Numerous booths provide information on everything from insurance to safety tools.
By Mary O’KEEFE
Residents in the area who attended last weekend’s Emergency Expo at Two Strike Park are more prepared – and maybe a little scared – of the next time the earth starts to shake. Which is just fine by Doug Given of the U.S. Geological Survey.
Given is leading the USGS Earthquake Early Warning effort and was a guest speaker at the expo.
He spoke of the 1857 Fort Tejon earthquake, a magnitude 7.9 earthquake that occurred on the southern section of the San Andreas fault. In that event, the heaviest loss was at Fort Tejon but that loss is small compared to what a large earthquake on the San Andreas could do today.
“At that time, there was very little population here,” Given said. “When that earthquake occurs again, or one like it on the southern San Andreas, the affects are going to be severe.”
The first step in preparing for the “big one” is to know more about what residents of Southern California will be facing. USGS scientists have prepared a scenario of what would happen when a large earthquake from the southern San Andreas occurs.
The “what if” scenario looks at a rupture of the fault extending from the Salton Sea to Palm Springs, past San Bernardino through Wrightwood and as far as Lake Hughes.
“A 180-mile rupture creating a 7.8 earthquake,” Given said. “That is a very realistic scenario.”
That “what if” earthquake would shake for over a minute and a half, he added.
The last big earthquake that most Southern California residents remember is the 1994 Northridge earthquake.
“The Northridge … was small [compared to the scenario],” he said. “This is like 40 Northridge earthquakes strung end to end.”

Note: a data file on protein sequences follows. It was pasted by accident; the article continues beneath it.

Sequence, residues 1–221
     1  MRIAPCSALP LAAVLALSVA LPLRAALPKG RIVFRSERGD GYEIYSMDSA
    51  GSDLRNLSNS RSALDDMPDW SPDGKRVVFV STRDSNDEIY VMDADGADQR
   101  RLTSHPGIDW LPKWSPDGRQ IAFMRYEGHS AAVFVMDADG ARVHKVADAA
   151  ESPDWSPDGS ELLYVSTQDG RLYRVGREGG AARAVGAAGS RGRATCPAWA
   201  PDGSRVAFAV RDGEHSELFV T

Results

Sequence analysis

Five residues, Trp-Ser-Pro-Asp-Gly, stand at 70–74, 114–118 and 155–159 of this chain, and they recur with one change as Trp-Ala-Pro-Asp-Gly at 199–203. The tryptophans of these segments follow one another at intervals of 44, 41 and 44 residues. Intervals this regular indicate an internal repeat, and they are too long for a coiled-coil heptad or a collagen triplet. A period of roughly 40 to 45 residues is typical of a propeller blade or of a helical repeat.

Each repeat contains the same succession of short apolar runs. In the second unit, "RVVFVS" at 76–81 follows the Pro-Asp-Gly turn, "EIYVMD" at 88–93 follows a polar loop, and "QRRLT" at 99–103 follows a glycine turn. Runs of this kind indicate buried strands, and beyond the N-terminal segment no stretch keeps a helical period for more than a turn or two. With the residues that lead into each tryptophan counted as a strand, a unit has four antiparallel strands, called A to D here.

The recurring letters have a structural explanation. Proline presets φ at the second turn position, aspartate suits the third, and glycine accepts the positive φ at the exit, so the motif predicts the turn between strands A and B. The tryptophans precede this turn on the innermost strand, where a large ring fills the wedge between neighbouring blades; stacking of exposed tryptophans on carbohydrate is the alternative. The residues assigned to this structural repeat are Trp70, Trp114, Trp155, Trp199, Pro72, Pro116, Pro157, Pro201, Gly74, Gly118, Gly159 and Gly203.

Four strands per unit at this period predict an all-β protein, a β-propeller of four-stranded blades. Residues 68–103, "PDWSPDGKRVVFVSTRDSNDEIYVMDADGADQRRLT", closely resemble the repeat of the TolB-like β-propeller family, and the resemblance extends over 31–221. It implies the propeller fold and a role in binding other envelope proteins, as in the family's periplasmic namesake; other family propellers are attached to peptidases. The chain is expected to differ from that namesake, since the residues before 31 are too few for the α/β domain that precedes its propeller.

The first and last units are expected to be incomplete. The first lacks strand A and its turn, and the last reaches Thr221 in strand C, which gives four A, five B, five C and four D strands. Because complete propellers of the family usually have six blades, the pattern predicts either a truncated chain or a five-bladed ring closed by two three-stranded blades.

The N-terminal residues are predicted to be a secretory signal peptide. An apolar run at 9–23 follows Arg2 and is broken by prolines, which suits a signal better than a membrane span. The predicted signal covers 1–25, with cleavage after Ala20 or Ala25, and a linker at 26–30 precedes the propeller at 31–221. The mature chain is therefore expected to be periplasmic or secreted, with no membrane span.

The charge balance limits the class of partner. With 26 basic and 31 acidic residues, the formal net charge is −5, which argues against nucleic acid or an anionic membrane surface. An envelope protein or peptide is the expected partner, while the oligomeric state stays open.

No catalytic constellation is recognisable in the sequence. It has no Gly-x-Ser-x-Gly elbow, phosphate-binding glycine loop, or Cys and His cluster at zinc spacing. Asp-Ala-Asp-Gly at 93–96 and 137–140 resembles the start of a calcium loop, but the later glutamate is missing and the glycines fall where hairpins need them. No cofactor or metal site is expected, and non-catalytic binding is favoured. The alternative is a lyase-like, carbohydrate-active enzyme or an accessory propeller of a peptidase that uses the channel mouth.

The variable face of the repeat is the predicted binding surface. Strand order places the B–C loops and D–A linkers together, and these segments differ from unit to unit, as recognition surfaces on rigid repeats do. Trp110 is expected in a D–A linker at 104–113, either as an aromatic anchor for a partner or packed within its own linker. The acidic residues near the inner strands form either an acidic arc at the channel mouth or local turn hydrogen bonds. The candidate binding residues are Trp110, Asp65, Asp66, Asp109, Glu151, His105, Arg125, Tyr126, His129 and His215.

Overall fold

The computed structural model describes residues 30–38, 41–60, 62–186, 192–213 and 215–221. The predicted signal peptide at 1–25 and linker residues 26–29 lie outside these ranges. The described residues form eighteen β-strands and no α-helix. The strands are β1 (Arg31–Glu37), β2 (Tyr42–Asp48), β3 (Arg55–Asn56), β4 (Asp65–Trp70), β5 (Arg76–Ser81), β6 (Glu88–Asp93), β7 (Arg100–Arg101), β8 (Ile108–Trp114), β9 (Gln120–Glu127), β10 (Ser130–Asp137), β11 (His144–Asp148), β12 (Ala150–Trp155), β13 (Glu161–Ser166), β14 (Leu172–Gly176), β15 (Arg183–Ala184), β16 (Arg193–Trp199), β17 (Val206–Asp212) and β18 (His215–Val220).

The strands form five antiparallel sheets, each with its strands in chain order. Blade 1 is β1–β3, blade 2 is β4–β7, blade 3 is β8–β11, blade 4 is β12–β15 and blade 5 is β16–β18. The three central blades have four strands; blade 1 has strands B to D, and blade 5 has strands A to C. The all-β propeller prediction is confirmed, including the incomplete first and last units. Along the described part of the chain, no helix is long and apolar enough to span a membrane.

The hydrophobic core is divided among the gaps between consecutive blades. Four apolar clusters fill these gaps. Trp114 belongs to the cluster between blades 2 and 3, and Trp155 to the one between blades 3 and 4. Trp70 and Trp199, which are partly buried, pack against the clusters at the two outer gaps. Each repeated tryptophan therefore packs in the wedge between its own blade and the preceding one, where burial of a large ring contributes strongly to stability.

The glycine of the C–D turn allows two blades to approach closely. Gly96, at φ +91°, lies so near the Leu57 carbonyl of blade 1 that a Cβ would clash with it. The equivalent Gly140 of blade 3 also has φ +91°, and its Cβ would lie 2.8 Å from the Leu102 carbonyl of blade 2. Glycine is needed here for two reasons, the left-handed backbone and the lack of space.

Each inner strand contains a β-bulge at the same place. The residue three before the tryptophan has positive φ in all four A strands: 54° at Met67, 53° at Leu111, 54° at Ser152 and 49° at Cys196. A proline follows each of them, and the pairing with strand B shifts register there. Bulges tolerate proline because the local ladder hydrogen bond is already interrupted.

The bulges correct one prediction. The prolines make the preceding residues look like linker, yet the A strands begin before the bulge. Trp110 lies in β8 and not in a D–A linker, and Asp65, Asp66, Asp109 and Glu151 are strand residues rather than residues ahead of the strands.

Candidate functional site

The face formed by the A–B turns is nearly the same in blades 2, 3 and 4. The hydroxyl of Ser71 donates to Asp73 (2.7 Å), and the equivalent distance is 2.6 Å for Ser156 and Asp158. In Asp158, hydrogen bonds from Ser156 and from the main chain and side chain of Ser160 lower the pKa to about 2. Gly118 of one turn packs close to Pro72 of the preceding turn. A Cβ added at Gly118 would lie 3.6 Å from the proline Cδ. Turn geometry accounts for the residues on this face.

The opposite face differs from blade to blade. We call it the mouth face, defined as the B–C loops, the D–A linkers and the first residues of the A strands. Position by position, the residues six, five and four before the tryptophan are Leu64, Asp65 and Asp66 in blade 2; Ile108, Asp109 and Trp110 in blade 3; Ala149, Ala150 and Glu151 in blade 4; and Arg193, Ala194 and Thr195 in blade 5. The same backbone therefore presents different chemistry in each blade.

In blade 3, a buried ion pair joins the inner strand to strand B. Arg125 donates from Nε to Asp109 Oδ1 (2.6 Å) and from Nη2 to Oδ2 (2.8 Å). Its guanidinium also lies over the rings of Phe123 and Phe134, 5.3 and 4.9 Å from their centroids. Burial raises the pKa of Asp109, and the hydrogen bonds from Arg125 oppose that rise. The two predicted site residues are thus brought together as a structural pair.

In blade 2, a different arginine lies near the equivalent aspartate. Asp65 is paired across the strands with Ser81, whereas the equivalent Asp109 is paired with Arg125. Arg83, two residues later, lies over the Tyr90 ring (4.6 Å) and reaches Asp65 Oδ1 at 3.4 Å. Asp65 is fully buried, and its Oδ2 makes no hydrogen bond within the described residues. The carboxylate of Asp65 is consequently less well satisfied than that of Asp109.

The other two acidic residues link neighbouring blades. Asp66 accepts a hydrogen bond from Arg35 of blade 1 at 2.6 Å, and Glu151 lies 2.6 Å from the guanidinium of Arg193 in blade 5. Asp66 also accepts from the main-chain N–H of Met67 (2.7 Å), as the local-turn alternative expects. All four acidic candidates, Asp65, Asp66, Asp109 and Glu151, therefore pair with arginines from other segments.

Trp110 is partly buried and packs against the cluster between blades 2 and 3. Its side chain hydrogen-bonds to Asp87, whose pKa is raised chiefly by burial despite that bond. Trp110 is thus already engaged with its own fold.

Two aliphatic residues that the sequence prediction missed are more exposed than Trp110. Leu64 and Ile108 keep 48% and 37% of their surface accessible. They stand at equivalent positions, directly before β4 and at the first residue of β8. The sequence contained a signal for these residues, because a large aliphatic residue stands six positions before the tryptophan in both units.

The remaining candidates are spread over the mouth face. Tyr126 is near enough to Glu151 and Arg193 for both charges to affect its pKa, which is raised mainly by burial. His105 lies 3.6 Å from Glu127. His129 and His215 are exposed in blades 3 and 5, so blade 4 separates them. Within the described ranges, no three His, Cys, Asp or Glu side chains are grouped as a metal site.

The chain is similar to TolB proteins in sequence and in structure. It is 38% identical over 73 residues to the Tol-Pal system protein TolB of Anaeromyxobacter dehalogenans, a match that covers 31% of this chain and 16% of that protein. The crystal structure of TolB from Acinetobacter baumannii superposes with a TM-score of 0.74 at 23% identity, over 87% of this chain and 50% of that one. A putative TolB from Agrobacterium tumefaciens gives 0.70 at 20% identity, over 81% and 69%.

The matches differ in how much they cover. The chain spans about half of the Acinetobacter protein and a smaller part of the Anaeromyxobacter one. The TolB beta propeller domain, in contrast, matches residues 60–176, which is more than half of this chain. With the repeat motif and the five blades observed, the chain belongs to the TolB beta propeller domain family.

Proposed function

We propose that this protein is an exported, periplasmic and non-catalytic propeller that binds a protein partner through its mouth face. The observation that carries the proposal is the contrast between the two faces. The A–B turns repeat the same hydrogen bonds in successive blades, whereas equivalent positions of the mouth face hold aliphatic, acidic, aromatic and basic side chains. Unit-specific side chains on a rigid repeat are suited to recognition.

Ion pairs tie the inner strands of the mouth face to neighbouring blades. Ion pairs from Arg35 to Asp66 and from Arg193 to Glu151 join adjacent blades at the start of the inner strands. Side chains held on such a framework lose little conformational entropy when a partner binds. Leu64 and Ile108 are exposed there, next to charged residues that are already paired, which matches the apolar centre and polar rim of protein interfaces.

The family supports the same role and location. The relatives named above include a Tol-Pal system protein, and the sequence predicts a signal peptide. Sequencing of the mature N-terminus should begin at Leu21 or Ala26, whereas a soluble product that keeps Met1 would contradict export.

The shaking would be intense and last longer.
“Are you scared yet?” Given asked.
The scenario estimates 2,000 fatalities, half of those from fire, with 1,600 different ignitions across the Los Angeles area.
As good as our local fire departments are, is there any way they will be able to get to all of the fires? Given asked.
The rest of the deaths will come from structural collapse but that does not take into consideration heart attacks.
“About 50,000 people will need medical care,” he estimated.
Those injured would need to be taken care of at critical care facilities.
There will be no water, power or communications for days.
“We need to be prepared for that kind of eventuality,” he said.
To assist in preparations, there were several booths at Saturday’s expo that helped educate and prepare residents for that scenario and others including fire.
Los Angeles County Fire, Southern California Edison and local CERT (Community Emergency Response Team) were just some that were on hand to help get residents prepared for earthquakes and any emergency.
For information on how to prepare for fire visit http://fire.lacounty.gov and click on the left column Ready! Set! Go!
For information on earthquakes, visit http://earthquake.usgs.gov.
To get involved locally, those interested in joining CERT in Crescenta Valley can contact Deputy Jorge Valdivia at the CV Sheriff’s Station (818) 236-4021 or contact CERT coordinators Paul or Lisa Dutton (818) 249-8378.